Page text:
The 2000’s: The new millennium and the Ottawa marathon

The beginning of the new millennium brought a lot of excitement—and a little trepidation. People around the globe worried that the Y2K bug would lead to the end of the world. And although that never happened, the first decade of the 2000’s saw the beginning of some big changes. 

For instance, Apple changed the way we listen to music with the release of the iPod in 2001. The MP3 device became a “must have” for a lot of runners—and the classic white earbuds became a popular accessory for many participants of the Ottawa marathon. But that wasn’t the only change. 

The African era begins

The year 2000 was the last time a Canadian was the top male finisher at the Ottawa marathon. Although two-time Olympian Bruce Deacon had first run the marathon as a 12-year-old in 1979, it was another 21 years before the Ottawa-born runner finally won it. But Deacon would be the last North American to win the men’s title. (He had to settle for second place for the next two years and ended up pacing the lead runners for much of the second half of the 2000s.)

In 2001, Joseph Nderitu, of Kenya, became the first African to win the Ottawa Marathon, marking the beginning of a new era. With the exception of 2000, African runners consistently won the men’s category during the first decade of the millennium, with Nderitu winning three years in a row. Fellow Kenya David Cheruiyot captured top spot in 2005, and 2007-2009.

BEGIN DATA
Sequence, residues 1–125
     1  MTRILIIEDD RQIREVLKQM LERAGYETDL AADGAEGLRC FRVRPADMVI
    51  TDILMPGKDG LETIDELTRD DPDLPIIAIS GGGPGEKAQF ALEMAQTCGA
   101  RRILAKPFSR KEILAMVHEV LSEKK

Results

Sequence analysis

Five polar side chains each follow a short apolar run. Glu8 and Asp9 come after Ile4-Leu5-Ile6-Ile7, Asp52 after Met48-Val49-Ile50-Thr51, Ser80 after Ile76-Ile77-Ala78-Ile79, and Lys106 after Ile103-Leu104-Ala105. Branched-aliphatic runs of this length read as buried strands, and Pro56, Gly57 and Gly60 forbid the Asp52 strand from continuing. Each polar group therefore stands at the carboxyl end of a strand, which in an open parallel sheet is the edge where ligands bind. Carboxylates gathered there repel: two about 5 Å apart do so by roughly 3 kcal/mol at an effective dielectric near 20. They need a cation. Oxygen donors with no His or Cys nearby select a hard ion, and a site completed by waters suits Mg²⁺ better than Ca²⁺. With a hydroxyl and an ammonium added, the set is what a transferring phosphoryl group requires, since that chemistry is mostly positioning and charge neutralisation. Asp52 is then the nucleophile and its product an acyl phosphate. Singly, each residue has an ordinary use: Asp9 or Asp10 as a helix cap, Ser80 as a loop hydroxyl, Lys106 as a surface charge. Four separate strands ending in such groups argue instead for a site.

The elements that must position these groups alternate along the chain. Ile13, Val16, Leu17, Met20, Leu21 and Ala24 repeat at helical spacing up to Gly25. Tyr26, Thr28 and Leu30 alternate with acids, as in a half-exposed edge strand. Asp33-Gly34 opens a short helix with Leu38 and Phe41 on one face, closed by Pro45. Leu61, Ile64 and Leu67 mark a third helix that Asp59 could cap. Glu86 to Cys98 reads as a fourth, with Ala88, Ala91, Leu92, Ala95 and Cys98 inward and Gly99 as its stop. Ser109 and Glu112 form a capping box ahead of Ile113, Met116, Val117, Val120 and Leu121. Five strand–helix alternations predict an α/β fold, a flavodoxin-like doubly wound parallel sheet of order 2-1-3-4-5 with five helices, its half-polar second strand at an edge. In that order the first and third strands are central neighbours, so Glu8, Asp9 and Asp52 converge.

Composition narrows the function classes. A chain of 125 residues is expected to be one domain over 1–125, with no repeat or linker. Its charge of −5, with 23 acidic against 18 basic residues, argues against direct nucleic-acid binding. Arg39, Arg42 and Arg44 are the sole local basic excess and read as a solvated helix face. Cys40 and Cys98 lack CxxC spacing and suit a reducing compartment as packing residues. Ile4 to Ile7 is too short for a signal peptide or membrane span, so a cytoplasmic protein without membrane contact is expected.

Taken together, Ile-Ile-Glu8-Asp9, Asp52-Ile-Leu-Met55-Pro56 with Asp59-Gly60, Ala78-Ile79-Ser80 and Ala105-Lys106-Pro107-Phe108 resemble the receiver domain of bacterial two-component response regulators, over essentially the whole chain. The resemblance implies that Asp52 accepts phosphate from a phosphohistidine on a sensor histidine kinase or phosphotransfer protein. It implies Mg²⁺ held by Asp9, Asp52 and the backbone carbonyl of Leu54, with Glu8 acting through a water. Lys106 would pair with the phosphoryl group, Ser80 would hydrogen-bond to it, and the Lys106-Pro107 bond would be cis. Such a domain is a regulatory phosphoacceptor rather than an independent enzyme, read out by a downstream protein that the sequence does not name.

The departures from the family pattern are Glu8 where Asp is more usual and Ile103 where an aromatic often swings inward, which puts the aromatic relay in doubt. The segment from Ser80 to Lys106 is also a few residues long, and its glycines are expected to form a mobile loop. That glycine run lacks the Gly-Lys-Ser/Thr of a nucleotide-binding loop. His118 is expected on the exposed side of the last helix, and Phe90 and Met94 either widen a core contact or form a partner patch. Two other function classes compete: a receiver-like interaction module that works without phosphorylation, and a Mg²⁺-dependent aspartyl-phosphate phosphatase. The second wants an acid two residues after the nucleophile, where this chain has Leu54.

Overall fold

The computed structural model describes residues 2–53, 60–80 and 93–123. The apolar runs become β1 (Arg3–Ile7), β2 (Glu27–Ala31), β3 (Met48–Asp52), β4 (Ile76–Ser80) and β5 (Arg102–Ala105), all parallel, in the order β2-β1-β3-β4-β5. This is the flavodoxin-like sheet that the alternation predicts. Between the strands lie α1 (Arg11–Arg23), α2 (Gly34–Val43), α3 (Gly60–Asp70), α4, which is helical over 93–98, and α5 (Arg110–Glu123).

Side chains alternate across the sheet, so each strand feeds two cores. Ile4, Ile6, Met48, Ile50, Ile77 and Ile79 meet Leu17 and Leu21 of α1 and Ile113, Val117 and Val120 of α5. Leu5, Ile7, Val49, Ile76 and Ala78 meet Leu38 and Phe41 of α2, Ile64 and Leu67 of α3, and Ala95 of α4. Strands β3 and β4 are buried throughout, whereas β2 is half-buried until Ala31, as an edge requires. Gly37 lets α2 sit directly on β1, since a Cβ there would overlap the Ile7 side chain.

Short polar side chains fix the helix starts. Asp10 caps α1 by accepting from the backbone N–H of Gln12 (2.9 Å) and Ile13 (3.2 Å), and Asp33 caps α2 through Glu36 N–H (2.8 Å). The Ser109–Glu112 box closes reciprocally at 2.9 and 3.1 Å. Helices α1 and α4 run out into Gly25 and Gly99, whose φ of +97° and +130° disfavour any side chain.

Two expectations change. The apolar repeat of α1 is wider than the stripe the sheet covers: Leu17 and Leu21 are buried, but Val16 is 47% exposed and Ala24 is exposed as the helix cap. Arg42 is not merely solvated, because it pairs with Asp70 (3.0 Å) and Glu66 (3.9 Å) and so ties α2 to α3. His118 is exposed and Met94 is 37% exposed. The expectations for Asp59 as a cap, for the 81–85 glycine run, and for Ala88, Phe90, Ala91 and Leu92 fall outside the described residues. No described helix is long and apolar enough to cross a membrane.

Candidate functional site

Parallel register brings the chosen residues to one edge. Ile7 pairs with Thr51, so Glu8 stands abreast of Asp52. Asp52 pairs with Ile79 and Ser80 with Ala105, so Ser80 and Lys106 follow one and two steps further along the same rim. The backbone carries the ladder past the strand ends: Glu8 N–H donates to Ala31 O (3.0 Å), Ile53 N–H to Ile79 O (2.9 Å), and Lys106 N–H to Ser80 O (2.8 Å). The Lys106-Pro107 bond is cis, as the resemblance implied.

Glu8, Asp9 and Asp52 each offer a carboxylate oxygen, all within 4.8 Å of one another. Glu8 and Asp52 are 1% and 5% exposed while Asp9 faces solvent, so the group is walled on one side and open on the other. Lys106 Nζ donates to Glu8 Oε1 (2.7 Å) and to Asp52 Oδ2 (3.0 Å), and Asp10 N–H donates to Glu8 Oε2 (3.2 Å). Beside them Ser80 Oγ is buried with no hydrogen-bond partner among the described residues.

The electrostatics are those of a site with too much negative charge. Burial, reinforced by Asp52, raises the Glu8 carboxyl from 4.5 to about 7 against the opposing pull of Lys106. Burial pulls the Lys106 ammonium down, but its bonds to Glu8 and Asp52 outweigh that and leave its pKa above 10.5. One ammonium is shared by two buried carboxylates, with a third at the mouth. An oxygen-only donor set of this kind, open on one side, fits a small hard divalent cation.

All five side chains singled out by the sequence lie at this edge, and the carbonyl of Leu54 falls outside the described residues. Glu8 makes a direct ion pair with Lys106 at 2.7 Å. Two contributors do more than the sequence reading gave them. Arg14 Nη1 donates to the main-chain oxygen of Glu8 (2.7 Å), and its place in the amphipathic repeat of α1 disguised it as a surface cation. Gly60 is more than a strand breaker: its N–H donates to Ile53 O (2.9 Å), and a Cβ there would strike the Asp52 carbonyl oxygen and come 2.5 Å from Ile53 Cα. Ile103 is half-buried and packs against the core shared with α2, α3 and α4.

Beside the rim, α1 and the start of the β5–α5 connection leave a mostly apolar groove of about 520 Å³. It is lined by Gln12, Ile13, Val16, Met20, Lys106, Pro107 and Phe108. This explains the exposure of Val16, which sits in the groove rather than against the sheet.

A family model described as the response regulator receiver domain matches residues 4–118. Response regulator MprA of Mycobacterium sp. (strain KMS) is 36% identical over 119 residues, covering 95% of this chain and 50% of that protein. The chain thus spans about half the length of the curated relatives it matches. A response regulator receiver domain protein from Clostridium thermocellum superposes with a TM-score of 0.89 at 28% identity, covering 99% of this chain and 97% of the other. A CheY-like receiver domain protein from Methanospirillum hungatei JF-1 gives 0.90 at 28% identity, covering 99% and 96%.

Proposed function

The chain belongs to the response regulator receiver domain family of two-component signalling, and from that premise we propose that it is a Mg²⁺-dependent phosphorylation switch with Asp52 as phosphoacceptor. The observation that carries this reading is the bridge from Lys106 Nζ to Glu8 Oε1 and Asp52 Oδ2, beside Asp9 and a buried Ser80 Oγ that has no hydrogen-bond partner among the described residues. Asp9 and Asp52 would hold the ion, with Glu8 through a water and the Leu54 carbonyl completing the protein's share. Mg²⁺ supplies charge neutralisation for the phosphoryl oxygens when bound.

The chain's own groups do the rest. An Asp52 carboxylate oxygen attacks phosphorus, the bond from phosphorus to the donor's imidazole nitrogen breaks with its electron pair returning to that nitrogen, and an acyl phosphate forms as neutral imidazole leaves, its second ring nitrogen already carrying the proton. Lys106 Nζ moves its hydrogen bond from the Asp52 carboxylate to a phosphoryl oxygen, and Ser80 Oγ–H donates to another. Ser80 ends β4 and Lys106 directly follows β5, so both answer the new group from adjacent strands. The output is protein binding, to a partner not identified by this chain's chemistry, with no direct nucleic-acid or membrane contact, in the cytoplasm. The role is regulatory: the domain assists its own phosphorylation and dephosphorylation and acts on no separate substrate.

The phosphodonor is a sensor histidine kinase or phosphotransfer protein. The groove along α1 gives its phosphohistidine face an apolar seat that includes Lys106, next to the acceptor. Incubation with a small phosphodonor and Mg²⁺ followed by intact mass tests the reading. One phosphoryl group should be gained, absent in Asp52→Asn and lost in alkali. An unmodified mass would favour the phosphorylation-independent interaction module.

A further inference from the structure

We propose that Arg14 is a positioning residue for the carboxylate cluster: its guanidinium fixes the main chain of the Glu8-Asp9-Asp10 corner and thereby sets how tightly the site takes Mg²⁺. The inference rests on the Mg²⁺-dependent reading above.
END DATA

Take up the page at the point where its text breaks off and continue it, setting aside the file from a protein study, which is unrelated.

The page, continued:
On the women’s side, Lioudmila Kortchaguina was the runner to beat. She won in 2002 and went on to take home three more titles before the decade was out—more than any other woman in the event’s history. In 2006, she finished in 2:29:42, breaking the 22-year course record set by Sylvia Ruegger in 1984. But Kortchaguina would be the last Canadian woman to win for the next 12 years, as Moroccan and Ethiopian runners began to dominate the race. 

Same race, new date

For the marathon’s 30th anniversary, the race got a bit of a makeover in 2004. The date moved from Mother’s Day, to the last weekend of May. The route also changed. The two loop route was replaced by an interprovincial course that took runners over two Ottawa-Gatineau bridges and near nine of Ottawa’s top tourist sites.

The change was meant to give Canadian runners more time to train in spring conditions and avoid having to close the city’s roads on Mother’s Day. The start time was also changed from 8 to 7 a.m., enabling runners to have a cooler start and the city to re-open streets sooner.

Setting a different type of record

For some participants, completing the Ottawa marathon wasn’t the challenge in the 2000s. It was part of achieving a greater goal. In 2005, Chris Baron of Oakville, Ontario, skipped the entire marathon in an attempt to break a Guinness Book of World Records. Baron successfully skipped all 42.2-kilometres in a time of 4:49:39:05, breaking a record set by Guatemala’s Carlos Lopez in 1995. But doing it once wasn’t enough. He skipped the race again in 2007, beating his own record by more than 20 minutes.